LONDON (Reuters) - Two thirds of companies in Britain have applied for the government’s emergency scheme to pay workers who are laid off temporarily during the coronavirus crisis, according to a survey published by the country’s statistics office on Thursday.
The Coronavirus Job Retention Scheme was the most popular of the government’s measures to help companies through the shutdown of much of the economy, with 66% of companies saying they had applied, while 56% had sought deferrals of value-added tax.
The ONS said its survey covered the April 6-19 period and was based on responses from 5,158 businesses.
One in four businesses that were continuing to trade reported that turnover had fallen by more than half of normal levels while 30% said it was unaffected, the ONS said.
The proportion of companies that had closed temporarily or paused trading remained at about one in four, similar to a previous ONS survey published two weeks ago.
Britain’s job retention scheme, under which the state will pay 80% of workers’ pay up to 2,500 pounds ($3,119) a month, is central to the government’s efforts to slow a rise in unemployment that could hamper an economic recovery after the lockdown.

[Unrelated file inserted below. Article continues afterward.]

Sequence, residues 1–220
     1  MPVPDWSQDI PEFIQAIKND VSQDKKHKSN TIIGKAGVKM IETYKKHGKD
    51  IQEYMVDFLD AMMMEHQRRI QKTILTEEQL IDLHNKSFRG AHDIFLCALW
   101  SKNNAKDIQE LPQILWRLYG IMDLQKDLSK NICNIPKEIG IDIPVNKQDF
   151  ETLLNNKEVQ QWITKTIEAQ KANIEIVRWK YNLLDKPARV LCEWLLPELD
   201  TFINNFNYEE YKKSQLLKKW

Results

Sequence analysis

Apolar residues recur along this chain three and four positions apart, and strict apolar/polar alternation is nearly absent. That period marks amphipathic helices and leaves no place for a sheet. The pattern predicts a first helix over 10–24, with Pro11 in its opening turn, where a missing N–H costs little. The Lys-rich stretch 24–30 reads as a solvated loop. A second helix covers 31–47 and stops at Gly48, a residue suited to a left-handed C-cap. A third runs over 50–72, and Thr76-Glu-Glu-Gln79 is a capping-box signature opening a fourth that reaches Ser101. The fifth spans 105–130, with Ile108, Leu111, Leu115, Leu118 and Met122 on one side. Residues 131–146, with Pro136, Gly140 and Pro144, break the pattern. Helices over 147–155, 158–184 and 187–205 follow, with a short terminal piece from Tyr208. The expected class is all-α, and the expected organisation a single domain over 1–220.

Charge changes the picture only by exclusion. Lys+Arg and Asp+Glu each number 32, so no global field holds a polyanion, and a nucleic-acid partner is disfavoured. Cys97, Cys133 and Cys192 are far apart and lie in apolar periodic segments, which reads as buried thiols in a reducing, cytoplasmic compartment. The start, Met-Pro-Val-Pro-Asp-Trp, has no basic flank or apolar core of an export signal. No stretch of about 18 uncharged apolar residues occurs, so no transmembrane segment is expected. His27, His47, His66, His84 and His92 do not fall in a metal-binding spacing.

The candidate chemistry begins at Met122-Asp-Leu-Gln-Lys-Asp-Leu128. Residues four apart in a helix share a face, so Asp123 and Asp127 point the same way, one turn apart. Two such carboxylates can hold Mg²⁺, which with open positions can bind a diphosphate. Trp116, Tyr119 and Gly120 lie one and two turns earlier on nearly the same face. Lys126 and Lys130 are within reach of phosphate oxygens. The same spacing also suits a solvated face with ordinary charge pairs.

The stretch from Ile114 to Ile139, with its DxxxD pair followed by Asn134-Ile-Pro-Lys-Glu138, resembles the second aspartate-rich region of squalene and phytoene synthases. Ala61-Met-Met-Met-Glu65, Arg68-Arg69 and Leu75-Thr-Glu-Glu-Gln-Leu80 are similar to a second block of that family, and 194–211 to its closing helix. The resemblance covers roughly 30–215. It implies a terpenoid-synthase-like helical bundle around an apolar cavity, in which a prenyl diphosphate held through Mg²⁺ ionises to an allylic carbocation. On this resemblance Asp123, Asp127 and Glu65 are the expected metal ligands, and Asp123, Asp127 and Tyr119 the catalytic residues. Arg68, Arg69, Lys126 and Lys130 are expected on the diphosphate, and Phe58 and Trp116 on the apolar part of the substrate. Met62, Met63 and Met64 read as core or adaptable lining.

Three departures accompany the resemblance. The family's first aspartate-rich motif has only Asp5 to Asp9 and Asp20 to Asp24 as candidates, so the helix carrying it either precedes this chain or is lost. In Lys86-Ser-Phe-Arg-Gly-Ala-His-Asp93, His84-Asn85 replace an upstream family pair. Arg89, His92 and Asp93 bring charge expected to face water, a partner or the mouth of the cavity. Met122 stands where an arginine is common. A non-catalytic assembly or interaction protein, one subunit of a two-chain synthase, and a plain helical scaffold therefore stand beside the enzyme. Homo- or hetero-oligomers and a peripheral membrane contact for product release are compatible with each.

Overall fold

Another part of the government’s strategy - offering state-backed loans to companies - has made less progress.
Data released on Thursday by a finance industry group showed that government-backed bank lending to small and medium-sized British businesses rose to 4.1 billion pounds ($5.1 billion) by April 28, up from 2.8 billion pounds the previous week.
The Bank of England has criticised banks for the slow pace of lending under the Coronavirus Business Interruption Loan Scheme (CBILS), which is 80% government-backed.
On Monday the government launched a new scheme for fully backed loans of up to 50,000 pounds for the smallest businesses.
UK Finance said that lenders had received 52,807 CBILS applications from businesses by April 28, of which 25,262 had been approved, compared with a cumulative 36,000 applications and 16,624 approvals the previous week.
Writing by William Schomberg and David Milliken; Editing by David Goodman